Old vehicles: Customs defy Senate on duty payment

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Ifeanyi Onuba, Abuja

The Nigeria Customs Service on Wednesday defied the directive of the Senate that it should suspend the planned clampdown on vehicles without correct duty papers, insisting that the one-month ultimatum for owners of such vehicles to pay the appropriate duties remained sacrosanct.

The Comptroller-General of Customs, Col. Hameed Ali (retd.) had last Thursday approved a grace period of one month from Monday, March 13 to Wednesday, April 12, 2017 for owners of all vehicles within the country whose correct customs duties had not been fully paid to do so.

He had in a statement advised all motor dealers and private owners of such vehicles to visit the nearest Customs zonal office to pay the appropriate duties on them.

But the decision was rejected by the upper chamber of the National Assembly, stating that the NCS had no legal backing to implement such a directive.

Specifically, the Deputy Majority Leader, Senator Bala Ibn Na’Allah, while moving a motion on the Customs circular at plenary on Tuesday, said, “We are all aware that the area of operation specifically designated for this service is principally our borders.

“And we are aware of the fact that in this situation, we are unable to find the specific provision of the law that the Comptroller of Customs relied upon to issue this circular. I think we have a compelling need to protect the Nigerian public against this arbitrariness.”

But speaking at a media briefing on Wednesday, the Acting Public Relations Officer of Customs, Joseph Attah, said the one-month grace period was still in force despite the order of the Senate.

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He said that in a bid to reduce the burden of the duty payment on Nigerians, a rebate of 60 per cent had been approved by the NCS for vehicles imported prior to the 2016 fiscal period.

Attah explained, “Payment remains Monday, March 13 to Wednesday, April 12; the points of payments, with exemption of Lagos and Port-Harcourt, will now be the nearest Customs area command. Private vehicle owners who know that duty has not been paid on their vehicles can take advantage of this grace period to do so.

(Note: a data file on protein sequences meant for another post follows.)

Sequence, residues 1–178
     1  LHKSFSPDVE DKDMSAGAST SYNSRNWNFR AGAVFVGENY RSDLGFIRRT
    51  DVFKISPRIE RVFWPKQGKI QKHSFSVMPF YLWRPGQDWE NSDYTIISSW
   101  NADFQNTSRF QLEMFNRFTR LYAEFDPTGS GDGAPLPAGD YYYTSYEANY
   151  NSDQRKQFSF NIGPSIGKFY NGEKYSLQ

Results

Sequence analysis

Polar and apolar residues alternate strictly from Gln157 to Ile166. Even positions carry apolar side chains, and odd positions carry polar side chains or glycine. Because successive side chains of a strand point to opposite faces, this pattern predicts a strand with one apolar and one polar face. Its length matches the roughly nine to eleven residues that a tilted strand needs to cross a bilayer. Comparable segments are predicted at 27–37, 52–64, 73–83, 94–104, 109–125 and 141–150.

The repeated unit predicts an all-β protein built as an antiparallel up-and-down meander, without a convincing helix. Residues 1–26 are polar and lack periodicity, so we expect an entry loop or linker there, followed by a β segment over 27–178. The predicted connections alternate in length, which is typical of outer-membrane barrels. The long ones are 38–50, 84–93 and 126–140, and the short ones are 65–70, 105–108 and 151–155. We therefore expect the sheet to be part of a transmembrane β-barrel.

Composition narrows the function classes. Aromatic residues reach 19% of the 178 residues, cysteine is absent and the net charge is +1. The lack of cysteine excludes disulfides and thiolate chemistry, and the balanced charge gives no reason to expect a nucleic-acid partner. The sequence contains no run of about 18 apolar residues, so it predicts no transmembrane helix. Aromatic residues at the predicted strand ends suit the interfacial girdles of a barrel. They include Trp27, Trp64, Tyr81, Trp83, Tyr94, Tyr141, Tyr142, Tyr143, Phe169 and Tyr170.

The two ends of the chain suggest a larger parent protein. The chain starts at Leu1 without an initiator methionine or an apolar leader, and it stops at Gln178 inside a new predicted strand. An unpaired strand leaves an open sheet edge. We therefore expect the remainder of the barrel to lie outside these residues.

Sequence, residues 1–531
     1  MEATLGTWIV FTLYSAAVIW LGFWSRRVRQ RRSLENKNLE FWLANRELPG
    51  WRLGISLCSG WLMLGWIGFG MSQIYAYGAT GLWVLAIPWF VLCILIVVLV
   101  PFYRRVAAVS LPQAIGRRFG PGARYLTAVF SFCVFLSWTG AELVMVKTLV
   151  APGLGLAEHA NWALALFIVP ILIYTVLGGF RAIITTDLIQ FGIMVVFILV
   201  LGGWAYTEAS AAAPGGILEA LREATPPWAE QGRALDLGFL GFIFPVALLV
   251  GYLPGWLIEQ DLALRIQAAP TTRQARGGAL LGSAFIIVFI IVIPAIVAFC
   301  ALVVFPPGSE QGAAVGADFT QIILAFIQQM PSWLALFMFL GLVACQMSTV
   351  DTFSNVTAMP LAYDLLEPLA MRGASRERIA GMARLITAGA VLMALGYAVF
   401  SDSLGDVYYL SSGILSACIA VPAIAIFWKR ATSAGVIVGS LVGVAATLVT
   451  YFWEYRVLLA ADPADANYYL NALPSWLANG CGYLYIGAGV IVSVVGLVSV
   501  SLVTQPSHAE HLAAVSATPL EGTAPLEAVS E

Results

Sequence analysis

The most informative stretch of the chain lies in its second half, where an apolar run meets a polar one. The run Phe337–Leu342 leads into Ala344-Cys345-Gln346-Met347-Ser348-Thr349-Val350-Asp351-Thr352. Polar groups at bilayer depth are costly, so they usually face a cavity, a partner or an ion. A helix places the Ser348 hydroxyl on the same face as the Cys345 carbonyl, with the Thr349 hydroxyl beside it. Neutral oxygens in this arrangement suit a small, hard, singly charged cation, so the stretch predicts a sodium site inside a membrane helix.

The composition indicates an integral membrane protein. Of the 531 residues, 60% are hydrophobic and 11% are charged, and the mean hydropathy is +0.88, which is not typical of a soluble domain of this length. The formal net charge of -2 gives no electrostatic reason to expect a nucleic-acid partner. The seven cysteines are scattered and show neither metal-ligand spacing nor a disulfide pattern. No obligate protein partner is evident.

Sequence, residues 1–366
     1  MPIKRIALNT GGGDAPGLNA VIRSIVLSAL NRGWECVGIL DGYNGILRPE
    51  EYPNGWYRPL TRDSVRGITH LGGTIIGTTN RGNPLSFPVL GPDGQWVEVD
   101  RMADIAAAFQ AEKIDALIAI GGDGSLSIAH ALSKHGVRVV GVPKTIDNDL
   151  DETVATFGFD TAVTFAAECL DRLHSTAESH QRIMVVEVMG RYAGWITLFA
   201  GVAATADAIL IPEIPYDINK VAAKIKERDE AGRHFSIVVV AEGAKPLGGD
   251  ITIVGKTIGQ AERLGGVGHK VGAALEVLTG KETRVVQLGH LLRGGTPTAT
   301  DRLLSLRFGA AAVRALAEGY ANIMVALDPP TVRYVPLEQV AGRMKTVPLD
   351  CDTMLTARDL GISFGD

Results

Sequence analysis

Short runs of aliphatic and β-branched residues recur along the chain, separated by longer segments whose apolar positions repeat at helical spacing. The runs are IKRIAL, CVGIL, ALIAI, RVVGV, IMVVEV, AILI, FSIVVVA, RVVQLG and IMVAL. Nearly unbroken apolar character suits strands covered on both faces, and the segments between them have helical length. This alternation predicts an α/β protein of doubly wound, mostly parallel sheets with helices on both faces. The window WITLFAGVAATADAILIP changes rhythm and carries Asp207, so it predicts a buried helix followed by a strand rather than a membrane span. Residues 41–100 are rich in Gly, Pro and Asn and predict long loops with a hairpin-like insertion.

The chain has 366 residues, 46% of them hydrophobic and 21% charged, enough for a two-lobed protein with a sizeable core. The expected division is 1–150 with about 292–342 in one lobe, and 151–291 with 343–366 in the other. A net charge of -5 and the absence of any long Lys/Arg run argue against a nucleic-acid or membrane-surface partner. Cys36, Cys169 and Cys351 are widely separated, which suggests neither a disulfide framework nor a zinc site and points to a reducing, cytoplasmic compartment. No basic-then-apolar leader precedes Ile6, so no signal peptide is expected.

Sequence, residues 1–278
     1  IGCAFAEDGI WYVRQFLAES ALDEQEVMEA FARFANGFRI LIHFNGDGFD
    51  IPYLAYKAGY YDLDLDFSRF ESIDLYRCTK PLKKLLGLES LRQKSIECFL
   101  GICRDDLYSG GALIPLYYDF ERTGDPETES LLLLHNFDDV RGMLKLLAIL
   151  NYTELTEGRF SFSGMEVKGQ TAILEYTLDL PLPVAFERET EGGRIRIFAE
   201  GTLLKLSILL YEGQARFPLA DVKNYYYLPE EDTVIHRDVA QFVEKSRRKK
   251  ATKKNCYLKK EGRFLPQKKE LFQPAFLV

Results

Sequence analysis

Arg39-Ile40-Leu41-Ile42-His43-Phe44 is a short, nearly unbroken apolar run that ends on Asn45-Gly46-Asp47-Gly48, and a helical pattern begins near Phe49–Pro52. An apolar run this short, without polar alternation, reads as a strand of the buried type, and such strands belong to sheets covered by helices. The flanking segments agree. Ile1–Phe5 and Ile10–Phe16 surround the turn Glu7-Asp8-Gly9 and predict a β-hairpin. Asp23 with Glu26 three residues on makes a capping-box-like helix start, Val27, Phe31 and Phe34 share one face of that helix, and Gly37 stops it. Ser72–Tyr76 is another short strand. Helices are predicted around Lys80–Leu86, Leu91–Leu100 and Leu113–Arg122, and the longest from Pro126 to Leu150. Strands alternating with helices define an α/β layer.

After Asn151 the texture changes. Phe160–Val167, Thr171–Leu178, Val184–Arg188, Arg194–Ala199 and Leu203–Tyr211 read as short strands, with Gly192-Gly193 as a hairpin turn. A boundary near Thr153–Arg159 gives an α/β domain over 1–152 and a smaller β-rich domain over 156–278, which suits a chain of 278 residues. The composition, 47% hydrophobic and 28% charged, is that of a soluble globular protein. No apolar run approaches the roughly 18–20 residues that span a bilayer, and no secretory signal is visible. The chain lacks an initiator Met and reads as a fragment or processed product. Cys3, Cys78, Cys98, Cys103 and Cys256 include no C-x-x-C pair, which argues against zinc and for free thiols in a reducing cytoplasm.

“Therefore, owners of such vehicles or their representatives are expected to go to the nearest pay-point for assessment and payment. It should be noted that the 60 per cent rebate applies only within the grace period.”

He added, “The 60 per cent rebate is to create a soft landing for people who are in possession of these vehicles. Sixty per cent rebate on the value of such vehicles across board from 2015 downward simply means 60 per cent of the total value, which means calculation will always be based on 40 per cent.

“Any private vehicle owners who wishes to take advantage of this period and pay duty will save himself a lot before the coming in of the system that will totally block him.

“Concerning the senators, I read in the media that they expect some kind of briefing from the Comptroller General. I’m confident that the kind of information that will be made available to them will help shape their opinions on the way forward in this process.”

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Attah added that vehicles manufactured in 2016 and this year were not part of those to enjoy the rebate because of their status as new cars since they would not normally have issues of smuggling.

He said any officer who compromised on the policy by conniving with smugglers would be dealt with as the leadership of the NCS had intensified its efforts against corrupt practices.

He added, “We have causes to deal with the connivance of our members who undermine the policy of the authority. If not, we won’t have dismissed up to 49 officers last year.

“As I speak with you, we still have officers in our detention cell. We won’t treat with kid gloves people who compromise. The issue here is those in possession of smuggled vehicles have an opportunity to regularise and pay the duty before the take-off of the system that will totally block them out.”

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